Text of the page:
Jailed Egyptian novelist Ahmed Naji to receive PEN award

Jailed Egyptian novelist Ahmed Naji to receive PEN award
Ahmed Naji, who received a two-year prison sentence in Egypt over publishing "sexually explicit content" in a literary magazine, will receive the PEN/Barbara Goldsmith Freedom to Write Award.
2 min read
01 April, 2016
Naji received a two-year sentence over 'sexually explicit content' [Facebook]

An imprisoned Egyptian author and journalist is being given the PEN/Barbara Goldsmith Freedom to Write Award, presented by PEN America.

Ahmed Naji will be honoured by PEN, a literary society and human rights organisation comprising thousands of writers, editors and translators, at its annual gala in Manhattan on 16 May.

Naji received a two-year sentence in February for "destroying social values" - an allegation tied to the content of his novel Using Life.

The 30-year-old author has written three books and is a contributor to the state-owned Akhbar al-Adab literary magazine, among other publications.

His trial came after Akhbar al-Adab released an excerpt in 2014 from Using Life that contained explicit sex acts and references to habitual drug use.

The complaint against Naji originated when a reader of Akhbar al-Adab alleged that the excerpt made him physically ill.

"Naji's case is emblematic of Egypt's escalating crackdown on artistic freedom in flagrant disregard for its own constitutional protections and at the expense of the country's rich cultural traditions," PEN America Executive Director Suzanne Nossel told The Associated Press.

"PEN hopes that this award will spur writers, readers, advocates, and world leaders to press Egypt to release Naji immediately and to stop treating creativity as a crime."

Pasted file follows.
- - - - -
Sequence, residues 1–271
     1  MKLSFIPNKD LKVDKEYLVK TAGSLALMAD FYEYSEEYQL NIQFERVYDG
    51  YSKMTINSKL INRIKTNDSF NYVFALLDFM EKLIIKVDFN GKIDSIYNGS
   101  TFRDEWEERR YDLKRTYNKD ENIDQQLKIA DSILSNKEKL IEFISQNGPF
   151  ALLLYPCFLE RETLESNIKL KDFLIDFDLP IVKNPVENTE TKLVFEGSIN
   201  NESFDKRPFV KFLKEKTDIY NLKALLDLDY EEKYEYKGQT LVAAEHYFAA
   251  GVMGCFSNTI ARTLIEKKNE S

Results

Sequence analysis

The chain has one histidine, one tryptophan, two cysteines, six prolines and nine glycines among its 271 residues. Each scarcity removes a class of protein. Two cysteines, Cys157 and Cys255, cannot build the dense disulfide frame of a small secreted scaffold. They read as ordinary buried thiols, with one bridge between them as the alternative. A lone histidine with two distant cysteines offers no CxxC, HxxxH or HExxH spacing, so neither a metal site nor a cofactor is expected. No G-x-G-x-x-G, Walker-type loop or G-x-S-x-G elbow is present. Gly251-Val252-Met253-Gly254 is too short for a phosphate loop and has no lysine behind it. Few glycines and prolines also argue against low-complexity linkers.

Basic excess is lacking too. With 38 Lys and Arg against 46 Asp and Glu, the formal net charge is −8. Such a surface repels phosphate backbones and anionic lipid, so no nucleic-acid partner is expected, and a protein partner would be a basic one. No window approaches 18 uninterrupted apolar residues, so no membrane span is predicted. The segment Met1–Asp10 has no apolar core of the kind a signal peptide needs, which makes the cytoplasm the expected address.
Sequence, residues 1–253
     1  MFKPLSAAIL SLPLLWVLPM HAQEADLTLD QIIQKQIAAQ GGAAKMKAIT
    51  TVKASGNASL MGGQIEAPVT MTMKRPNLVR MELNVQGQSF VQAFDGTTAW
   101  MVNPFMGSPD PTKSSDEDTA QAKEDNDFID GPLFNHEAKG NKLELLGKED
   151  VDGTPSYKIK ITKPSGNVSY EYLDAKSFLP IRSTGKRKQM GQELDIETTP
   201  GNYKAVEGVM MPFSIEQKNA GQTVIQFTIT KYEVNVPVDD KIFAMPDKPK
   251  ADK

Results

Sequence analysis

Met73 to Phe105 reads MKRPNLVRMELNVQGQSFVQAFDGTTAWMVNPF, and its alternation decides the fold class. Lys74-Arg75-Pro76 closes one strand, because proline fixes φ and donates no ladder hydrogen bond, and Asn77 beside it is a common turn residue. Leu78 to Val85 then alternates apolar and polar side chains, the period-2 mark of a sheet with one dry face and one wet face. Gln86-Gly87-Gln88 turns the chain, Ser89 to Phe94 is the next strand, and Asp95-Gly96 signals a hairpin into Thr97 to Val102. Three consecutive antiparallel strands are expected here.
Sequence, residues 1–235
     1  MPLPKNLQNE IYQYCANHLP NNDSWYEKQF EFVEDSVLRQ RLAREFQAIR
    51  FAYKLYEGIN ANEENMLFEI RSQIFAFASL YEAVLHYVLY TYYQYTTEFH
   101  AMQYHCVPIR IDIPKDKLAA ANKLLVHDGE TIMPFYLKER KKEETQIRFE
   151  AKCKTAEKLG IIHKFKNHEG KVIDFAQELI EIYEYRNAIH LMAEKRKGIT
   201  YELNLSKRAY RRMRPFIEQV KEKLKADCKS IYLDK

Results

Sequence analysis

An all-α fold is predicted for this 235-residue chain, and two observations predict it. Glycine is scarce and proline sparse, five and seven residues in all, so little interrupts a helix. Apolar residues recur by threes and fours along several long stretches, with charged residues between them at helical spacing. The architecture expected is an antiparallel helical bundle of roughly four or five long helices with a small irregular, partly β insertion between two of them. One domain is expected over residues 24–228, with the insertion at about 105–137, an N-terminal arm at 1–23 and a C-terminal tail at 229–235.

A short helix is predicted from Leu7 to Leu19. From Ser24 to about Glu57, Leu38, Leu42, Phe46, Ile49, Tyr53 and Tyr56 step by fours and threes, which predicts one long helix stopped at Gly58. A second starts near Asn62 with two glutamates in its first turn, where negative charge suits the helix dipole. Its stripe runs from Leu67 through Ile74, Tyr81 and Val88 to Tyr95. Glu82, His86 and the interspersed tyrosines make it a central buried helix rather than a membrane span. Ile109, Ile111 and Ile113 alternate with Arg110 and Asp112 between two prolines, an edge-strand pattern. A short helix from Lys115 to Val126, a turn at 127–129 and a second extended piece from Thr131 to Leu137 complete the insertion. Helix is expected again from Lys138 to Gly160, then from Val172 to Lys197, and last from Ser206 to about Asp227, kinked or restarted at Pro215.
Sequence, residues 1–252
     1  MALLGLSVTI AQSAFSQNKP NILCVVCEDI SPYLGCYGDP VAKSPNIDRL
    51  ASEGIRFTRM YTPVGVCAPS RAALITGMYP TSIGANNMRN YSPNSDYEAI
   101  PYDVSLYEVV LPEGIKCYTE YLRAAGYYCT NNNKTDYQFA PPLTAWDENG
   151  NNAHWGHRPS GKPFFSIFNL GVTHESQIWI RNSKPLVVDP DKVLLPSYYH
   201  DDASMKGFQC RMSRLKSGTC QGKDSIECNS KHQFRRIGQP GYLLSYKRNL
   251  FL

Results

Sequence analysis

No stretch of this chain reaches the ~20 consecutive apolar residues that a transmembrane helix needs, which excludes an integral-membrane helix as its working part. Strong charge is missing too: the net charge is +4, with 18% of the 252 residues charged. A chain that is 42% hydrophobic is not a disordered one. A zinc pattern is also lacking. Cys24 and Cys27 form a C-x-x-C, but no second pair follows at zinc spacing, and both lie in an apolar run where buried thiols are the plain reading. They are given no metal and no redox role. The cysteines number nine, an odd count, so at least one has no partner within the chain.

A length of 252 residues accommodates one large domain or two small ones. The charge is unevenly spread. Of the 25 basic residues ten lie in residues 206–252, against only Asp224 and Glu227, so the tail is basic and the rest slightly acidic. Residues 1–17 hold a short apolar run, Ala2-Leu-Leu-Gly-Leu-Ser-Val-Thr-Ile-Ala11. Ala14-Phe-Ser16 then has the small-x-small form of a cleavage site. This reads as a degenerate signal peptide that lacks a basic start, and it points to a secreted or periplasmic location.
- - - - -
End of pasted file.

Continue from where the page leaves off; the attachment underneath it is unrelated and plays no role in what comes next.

Egyptian writers, artists and filmmakers have denounced the jailing of Naji, which followed a one-year sentence handed to TV presenter and researcher Islam Behery for "defaming religious symbols", and three years to writer Fatima Naoot for allegedly defaming Islam.

"The continuation of such policies will further block the relation between intellectuals and the authorities," the Egyptian Initiative for Personal Rights said in a statement.

PEN has given its Freedom to Write Award to jailed writers everywhere from Saudi Arabia to Cuba. Established in 1987, the prize is for writers "who have fought courageously in the face of adversity for their right to freedom of expression".

Other award recipients include JK Rowling for inspiring children worldwide to read and Dr. Mona Hanna-Attisha and LeeAnne Walters for their efforts in exposing the lead contamination in the water of Flint, Michigan. PEN will also cite Michael Pietsch, CEO of Hachette Book Group, for his leadership in fighting censorship.